"For all the attention pain to the Baby Boomers who were into the counter-culture and whatnot, the vast majority of them really did make an effort to create the sort of family life they were raised to believe was standard--young marriage to a high school sweetheart, children, working hard, saving, enjoying some retirement time with the grandchildren. The dream didn't work out for a lot of people as planned, as the high divorce rate is evidence for, but they at least tried. But then they look at their kids who are really becoming full adults and a whole bunch of us clearly don't even care to try to achieve the dream. It's simply unappealing and we're rejecting it up front.
I think this situation is creating a lot of tension, if my fairly average red state family is an indicator. On one hand, the older members of our family fully support our individual decisions, since they obviously make sense on an individual basis. But taken as a whole, I imagine it seems like everything they have really held up as an ideal is being cast aside without much in the way of warning or of mourning, either. That's an odd place to be in--understanding the necessity of the minutia while feeling generally uncomfortable with the big picture, and I think that's why a lot of nostalgic rhetoric about 'tradition' has traction, because it gives people an enemy to rail against and easy answers to some disquieting trends.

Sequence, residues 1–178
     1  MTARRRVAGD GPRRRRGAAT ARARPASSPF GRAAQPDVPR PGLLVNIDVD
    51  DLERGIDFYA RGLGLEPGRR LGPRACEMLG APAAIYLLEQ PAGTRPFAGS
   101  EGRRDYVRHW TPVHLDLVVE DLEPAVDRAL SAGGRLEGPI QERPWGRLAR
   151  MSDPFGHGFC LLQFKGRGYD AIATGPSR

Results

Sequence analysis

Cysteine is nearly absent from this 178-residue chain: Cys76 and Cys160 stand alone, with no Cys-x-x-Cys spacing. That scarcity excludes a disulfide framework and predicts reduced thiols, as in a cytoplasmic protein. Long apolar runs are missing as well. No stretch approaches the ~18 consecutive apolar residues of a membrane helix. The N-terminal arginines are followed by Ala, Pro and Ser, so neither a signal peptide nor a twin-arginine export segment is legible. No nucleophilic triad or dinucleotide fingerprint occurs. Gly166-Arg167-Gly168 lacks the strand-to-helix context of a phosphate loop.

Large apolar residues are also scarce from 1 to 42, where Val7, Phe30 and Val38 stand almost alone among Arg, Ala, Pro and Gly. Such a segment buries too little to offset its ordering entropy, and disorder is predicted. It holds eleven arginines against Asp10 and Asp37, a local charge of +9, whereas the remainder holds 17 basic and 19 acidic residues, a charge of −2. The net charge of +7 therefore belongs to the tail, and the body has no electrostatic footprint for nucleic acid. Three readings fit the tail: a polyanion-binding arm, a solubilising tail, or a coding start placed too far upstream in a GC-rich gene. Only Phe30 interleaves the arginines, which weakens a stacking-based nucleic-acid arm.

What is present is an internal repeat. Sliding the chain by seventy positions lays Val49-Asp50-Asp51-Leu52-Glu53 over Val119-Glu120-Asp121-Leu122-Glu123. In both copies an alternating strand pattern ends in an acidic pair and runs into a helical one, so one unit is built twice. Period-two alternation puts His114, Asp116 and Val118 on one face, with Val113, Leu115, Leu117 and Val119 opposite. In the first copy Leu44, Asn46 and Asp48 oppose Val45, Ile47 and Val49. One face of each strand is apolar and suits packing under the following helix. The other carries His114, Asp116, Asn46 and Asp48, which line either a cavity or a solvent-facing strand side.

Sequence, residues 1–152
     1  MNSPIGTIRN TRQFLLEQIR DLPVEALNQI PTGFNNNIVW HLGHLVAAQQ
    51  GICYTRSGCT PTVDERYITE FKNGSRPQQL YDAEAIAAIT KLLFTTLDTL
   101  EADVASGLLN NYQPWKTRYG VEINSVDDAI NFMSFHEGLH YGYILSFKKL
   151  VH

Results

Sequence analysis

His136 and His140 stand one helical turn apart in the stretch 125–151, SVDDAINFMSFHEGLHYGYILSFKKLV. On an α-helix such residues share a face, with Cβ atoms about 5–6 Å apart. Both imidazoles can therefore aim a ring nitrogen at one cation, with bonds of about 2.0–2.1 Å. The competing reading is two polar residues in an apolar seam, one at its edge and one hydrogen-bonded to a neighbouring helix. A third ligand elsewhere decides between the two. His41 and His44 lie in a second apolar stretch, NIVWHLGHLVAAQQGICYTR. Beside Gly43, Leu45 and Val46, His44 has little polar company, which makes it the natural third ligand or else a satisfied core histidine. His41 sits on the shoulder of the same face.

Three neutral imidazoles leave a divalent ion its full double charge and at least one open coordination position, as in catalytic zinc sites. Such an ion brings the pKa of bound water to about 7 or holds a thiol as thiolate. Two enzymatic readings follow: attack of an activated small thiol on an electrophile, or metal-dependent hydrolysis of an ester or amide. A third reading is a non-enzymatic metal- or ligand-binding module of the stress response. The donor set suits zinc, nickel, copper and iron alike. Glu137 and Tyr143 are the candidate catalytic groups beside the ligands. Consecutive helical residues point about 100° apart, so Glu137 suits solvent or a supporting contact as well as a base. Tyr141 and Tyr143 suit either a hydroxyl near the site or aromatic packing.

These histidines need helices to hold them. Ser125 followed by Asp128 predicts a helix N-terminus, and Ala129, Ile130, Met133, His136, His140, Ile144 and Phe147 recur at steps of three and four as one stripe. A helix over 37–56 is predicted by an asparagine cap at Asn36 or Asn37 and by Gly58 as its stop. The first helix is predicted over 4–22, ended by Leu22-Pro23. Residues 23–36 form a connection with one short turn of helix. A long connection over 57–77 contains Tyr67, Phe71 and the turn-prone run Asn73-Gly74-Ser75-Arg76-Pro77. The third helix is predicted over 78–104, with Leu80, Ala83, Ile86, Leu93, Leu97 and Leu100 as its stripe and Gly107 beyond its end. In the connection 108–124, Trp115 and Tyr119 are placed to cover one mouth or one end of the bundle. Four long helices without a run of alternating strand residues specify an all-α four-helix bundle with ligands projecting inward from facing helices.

The mythical War on Christmas is a perfect example of this, I think. For a lot of average middle class families, the traditional Christmas is changing. But for my cousin's rejection of the tradition of marrying before you have kids, for instance, we wouldn't have had a reason to go through the whole Santa Claus thing this year. Unlike in my childhood where everyone had Santa at their own house and then we all gathered at Grandma's for dinner, getting everyone together now takes serious long-term planning for flights and accomodations, because everyone is scattered to the winds. Because you can't blame individuals for simply living out lives that make traditional Christmas inconvienent, it's easier instead to let Bill O'Reilly tell you that it doesn't feel like Christmas used to because of a few store clerks wishing you a happy holiday instead of a merry Christmas.
Really, I'd say it's the same issue with the gay marriage debate. The right wing war cry about saving traditional marriage makes no logical sense, but it does provide an easy scapegoat for a myriad of anxieties about the very real changes that have already happened to family life and that affect nearly everyone. Most people nowadays, straight or gay, already feel empowered to organize their family lives according to their needs and desires, not according to tradition. All the anxiety this is creating is getting exerted on banning just one choice out of the hundreds, if not thousands, that people feel have opened up to them--in this case, marrying someone of the same sex.
So, in a sense, it's a depressing thought because the culture war is really just one long temper tantrum thrown by people who are frustrated that the world is changing without obtaining their permission. On the other hand, it's a good thing that it might be nothing more than a temper tantrum, something that will pass quickly enough as it becomes clear that there's no putting the genie back in the bottle, no turning back the hands of time. "
Tuesday, December 27, 2005
Pandagon: Scattered thoughts on the disappearance of the "traditional" family:
Posted by Rob Pugh at 12/27/2005 06:34:00 PM